As part of an activity during the Safe Zone training workshop on Tuesday, Jan. 27, students were asked to partner up with someone they didn’t know.
Then answer four questions on an index card and finally speak with their partners about anything except what was on their cards.
The purpose of this activity was for students to get an idea of how hard it can be for a LGBTQ (Lesbian, Gay, Bisexual, Transgender, Questioning/Queer) person to come out and not be able to talk about topics that are important to them or express how they really feel.
Guest speaker and kinesiology major, Will Hallenbeck spoke on what it was like and some of the situations he had to go through when he came out to his family.
Students were able to ask him personal questions and he responded honestly. He hopes that what he said had an impact on students and changed some of their perspectives.
“I hope, I really do. It was nice, I had a couple people come up to me and say it really impacted them and thanked me for speaking on it. That’s always my hope, that people see that there is so much more to other people around them then just the little looking glass they look through,” Hallenbeck said.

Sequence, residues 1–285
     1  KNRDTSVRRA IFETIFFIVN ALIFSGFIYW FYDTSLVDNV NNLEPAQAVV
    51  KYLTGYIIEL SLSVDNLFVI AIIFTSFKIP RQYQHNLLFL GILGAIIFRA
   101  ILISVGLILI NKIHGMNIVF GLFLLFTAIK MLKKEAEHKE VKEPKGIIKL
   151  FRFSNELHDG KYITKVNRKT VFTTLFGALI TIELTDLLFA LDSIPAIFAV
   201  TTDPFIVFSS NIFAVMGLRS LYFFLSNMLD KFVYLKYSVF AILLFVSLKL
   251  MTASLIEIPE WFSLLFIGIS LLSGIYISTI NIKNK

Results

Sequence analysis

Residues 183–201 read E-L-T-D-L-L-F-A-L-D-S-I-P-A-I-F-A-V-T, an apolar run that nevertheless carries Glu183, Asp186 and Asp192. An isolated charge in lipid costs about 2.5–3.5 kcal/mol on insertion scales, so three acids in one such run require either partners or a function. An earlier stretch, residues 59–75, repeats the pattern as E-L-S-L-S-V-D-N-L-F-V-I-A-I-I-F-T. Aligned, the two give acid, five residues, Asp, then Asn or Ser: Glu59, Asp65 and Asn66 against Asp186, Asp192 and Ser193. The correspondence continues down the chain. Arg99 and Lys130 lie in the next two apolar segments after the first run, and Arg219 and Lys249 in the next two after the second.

For some students, Hallenbeck’s speech and the workshop got to them and made them see the hardships LGBTQ people go through.
Diego Gomez, undeclared major said, “I think it went well, especially the student speaker. It was a different view from a personal perspective of how being gay can affect how the person carries on with their lives.”
English Professor Kolleen Kalt did another activity with students from an online website (http://www.kognito.com/ccc) where students can go to get tips on how to be supportive and make LGBTQ people feel comfortable and appreciated when coming out.
Also to rethink some of the things or words they say.
Committee member, Lance Kayser thinks it really comes down to students towards making a large change and creating awareness because, “…You guys are here, you’re in the classroom, you’re working with students in clubs, the newspaper, hanging out on campus, those are the times students often hear things and feel intimidated.
“So it’s in those moments where you can say ‘maybe I should say this in a different way’ or ‘I use to say this but maybe I should rethink that because I don’t know if everyone in my social circle is of a certain orientation.”
Kayser hopes to keep building what Safe Zone is already doing but through ASCC and all of the clubs on campus and eventually in classrooms.
The next Safe Zone workshops will be on Feb. 24 and Mar. 24.
The second workshop will be about growing knowledge and awareness and the third will be about making the campus more inclusive and welcoming.